TORONTO – The recent strength of the Canadian dollar has been a surprise, given that many economists expected it to stay weak throughout much of the year.
But a combination of several factors has the dollar at least three cents higher than most forecasts for the year, with the loonie almost touching 94 cents US earlier this month and ending the week at 93.14.
“I think it is fair to say that (the dollar is) stronger than many had thought,” Mark Chandler, head of foreign exchange strategy at RBC Dominion Securities Inc., said Friday.
Among the factors driving the loonie higher: a revised view of Canadian inflation trends, a weaker American economy and currency and a strong demand and prices for Canadian resources, particularly oil.
Chandler considers a weak U.S. currency as the leading factor for the loonie’s relative strength but said it’s also getting a boost from recent Bank of Canada comments that suggest there’s now virtually no chance that short-term interest rates will fall.
“If you have your central bank, the Bank of Canada, saying ‘We’re really worried about low inflation and we’re going to have to cut rates’ — that would tend to weaken the currency,” Chandler said Friday.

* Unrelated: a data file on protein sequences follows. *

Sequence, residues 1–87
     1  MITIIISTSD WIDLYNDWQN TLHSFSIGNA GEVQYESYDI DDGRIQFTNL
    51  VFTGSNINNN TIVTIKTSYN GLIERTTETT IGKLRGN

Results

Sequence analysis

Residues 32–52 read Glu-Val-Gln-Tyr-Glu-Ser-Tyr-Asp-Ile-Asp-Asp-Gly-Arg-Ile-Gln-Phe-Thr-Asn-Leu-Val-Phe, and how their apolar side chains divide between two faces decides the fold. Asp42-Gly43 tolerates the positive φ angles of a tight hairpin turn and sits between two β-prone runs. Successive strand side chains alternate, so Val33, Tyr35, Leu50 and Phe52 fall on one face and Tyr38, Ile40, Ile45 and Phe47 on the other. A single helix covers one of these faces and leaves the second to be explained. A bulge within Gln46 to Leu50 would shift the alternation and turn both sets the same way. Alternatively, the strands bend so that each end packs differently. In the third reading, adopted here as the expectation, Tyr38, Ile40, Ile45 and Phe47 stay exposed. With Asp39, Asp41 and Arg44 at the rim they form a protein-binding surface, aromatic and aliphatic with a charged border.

“And if they step away from that, you take away that source of currency weakness.”
BMO Capital Markets economist Sal Guatieri said that Canada has actually had one of the strongest currencies since the spring, fuelled by foreign demand for Canada’s relatively high short-term interest rates compared with those available in the United States, Europe and Japan.
“A lot of global capital is seeking higher rates of return, so we’re seeing some of that money parked in the Canadian money market,” Guatieri said
But Guatieri said BMO is still expecting the Canadian dollar’s value will drop closer to 87 cents US by next year, a stance that many other economists took at the end of last year in their 2014 forecasts.
“There are many other factors that suggest that the Canadian dollar should not be at 93 cents right now. In particular, the ongoing trade deficit,” Guatieri said.
“Outside of energy, the trade balance is still shrinking, still declining. For example, our trade balance in automobiles is plunging off a cliff and that is a function, partly, of an overvalued Canadian dollar.”
Based on research that BMO did into retail-level pricing, he said, a Canadian dollar needs to be worth less than 90 cents US to offset some of the other factors that make goods more expensive here than in the United States.
“It’s only when the Canadian dollar is closer to the mid-80s that the price differential is equalized in the two countries,” Guatieri said.
He said it’s a different picture in energy commodities, particularly because of “elevated oil prices and strong U.S. demand for our oil (and) the fact that we’ve had much better success getting our oil down to the U.S. Gulf Coast refineries in the past six months.”
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